Sen. Tom Cotton, R-Ark., expects the next time Democrats hold the White House and the U.S. Senate they will waste little time confirming judicial appointments that may exist.
“If you have a circumstance in the future with a Republican president and a Democratic Senate, then I suspect the Democratic Senate won’t confirm anywhere near 200 judges. And if there’s a Democratic president and Democratic Senate one day in the future, then I suspect they’ll confirm more of those judges,” Cotton said, in defense of the GOP-led Senate holding up scores of judicial appointments during the Obama administration, but pushing them through during the Trump presidency.
When asked if it was good government to not work across party lines with judicial nominees, Cotton said today’s polarized environment is an outcome of decades of court activism.
“This touches on a deeper issue about the role the Supreme Court has taken on for itself in our society over the last 50 or 60 years. I think the Supreme Court has extended its reach far beyond what it should be. Most questions should be left to the people acting through their elected representatives in Washington or in their state legislatures or local governments,” he said. “The Supreme Court too often though has substituted its preferences for elected officials. So, it’s not surprising that there’s so much political tension in these nominations, where 50 or 60 years ago and back to the beginning of the country, these nominees went through sometimes on the same day they were nominated.”
Cotton, who is running for re-election this year against Libertarian Ricky Dale Harrington, Jr., will return to Washington D.C. this week for an expected Wednesday vote to confirm Judge Amy Coney Barrett to the U.S. Supreme Court. Her confirmation hearing last week was largely uneventful. Many Republicans praised her record and poise, while many Democrats argued she did not address basic questions regarding her legal views.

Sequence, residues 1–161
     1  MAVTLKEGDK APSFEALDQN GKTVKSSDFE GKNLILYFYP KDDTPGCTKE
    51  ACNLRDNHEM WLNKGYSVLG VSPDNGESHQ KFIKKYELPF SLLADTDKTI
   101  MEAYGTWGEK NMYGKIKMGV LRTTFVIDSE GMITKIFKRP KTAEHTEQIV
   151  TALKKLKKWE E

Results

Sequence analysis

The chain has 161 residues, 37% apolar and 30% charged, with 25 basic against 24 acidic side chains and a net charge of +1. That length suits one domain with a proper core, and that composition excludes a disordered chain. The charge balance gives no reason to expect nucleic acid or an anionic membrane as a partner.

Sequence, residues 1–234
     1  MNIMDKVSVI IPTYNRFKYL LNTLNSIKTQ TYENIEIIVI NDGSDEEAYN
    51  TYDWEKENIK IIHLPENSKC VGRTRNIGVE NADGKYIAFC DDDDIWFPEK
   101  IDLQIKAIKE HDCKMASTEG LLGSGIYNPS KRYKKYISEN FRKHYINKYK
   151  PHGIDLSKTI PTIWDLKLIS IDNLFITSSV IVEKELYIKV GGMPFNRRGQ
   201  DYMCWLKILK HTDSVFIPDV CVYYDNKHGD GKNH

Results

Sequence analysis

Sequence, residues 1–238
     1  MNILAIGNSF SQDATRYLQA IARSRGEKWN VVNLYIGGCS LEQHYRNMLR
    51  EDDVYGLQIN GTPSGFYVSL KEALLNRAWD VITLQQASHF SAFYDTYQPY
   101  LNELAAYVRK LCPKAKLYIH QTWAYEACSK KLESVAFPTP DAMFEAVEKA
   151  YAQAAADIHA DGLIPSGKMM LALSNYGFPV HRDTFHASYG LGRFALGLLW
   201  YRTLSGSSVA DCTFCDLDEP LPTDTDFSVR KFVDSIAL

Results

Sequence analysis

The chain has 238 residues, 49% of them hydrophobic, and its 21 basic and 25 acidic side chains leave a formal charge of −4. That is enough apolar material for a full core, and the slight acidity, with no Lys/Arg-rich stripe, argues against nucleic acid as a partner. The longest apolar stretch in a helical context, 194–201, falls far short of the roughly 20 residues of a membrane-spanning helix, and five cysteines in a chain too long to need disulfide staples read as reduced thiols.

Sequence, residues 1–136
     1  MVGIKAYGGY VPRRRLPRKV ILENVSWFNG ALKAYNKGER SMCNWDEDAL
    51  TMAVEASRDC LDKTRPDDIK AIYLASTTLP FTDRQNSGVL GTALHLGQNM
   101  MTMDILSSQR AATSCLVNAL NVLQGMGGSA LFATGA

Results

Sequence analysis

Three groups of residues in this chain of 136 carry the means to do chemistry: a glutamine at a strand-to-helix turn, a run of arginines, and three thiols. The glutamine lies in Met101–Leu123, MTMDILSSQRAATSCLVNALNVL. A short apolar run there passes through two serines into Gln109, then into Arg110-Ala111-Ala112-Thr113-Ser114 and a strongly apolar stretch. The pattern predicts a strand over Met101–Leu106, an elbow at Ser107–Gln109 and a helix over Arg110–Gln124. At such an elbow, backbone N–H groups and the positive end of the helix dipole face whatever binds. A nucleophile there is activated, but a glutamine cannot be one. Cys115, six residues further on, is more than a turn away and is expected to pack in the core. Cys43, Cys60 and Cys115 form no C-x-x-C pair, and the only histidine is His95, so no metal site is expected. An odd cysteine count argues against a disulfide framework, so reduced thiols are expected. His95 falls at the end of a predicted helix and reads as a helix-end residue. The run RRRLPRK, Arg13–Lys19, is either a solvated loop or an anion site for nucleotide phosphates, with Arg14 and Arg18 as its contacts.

“I think most Democrats, I think maybe all Democrats, will vote against Judge Barrett. That’s fine. I wish that they would simply vote against her, though, because they say they disagree with her judicial philosophy or they don’t want Donald Trump to fill this vacancy. I hope we don’t see a replay of what happened with Justice Kavanaugh two years ago,” Cotton said in reference to the contentious hearings and Senate vote.
The state’s junior senator also expects the Senate to take up a coronavirus relief package this week. Senate Majority Leader Mitch McConnell is pushing a measure with a roughly $500 billion price tag that would provide additional unemployment assistance to laid-off workers, targeted relief to the hospitality and tourism industry, and money fro public schools.
“Those are the things on which the parties agree. We’re going to vote on those. I just wish Nancy Pelosi would let the House vote on those as well. She doesn’t oppose any of those measures. She just wants to use them as leverage for things that are obviously very divisive, like using our tax dollars from Arkansas for a no-strings-attached bailout for states like Illinois and Rhode Island.”
The U.S. House of Representatives has been promoting a larger $2 trillion package that includes unemployment, hospitality and school relief, but also more money for testing and local governments struggling with lower tax revenues. Arkansas city and county officials contend money for municipalities and counties would be beneficial.
Cotton also discussed his reasoning for passing on an Arkansas PBS Senate debate with Harrington last week, the Presidential election, and his concerns about “Big Tech” censorship. You can watch his full interview in the video below. Talk Business & Politics will release new polling numbers on Cotton’s re-election bid against Harrington on Monday, Oct. 19.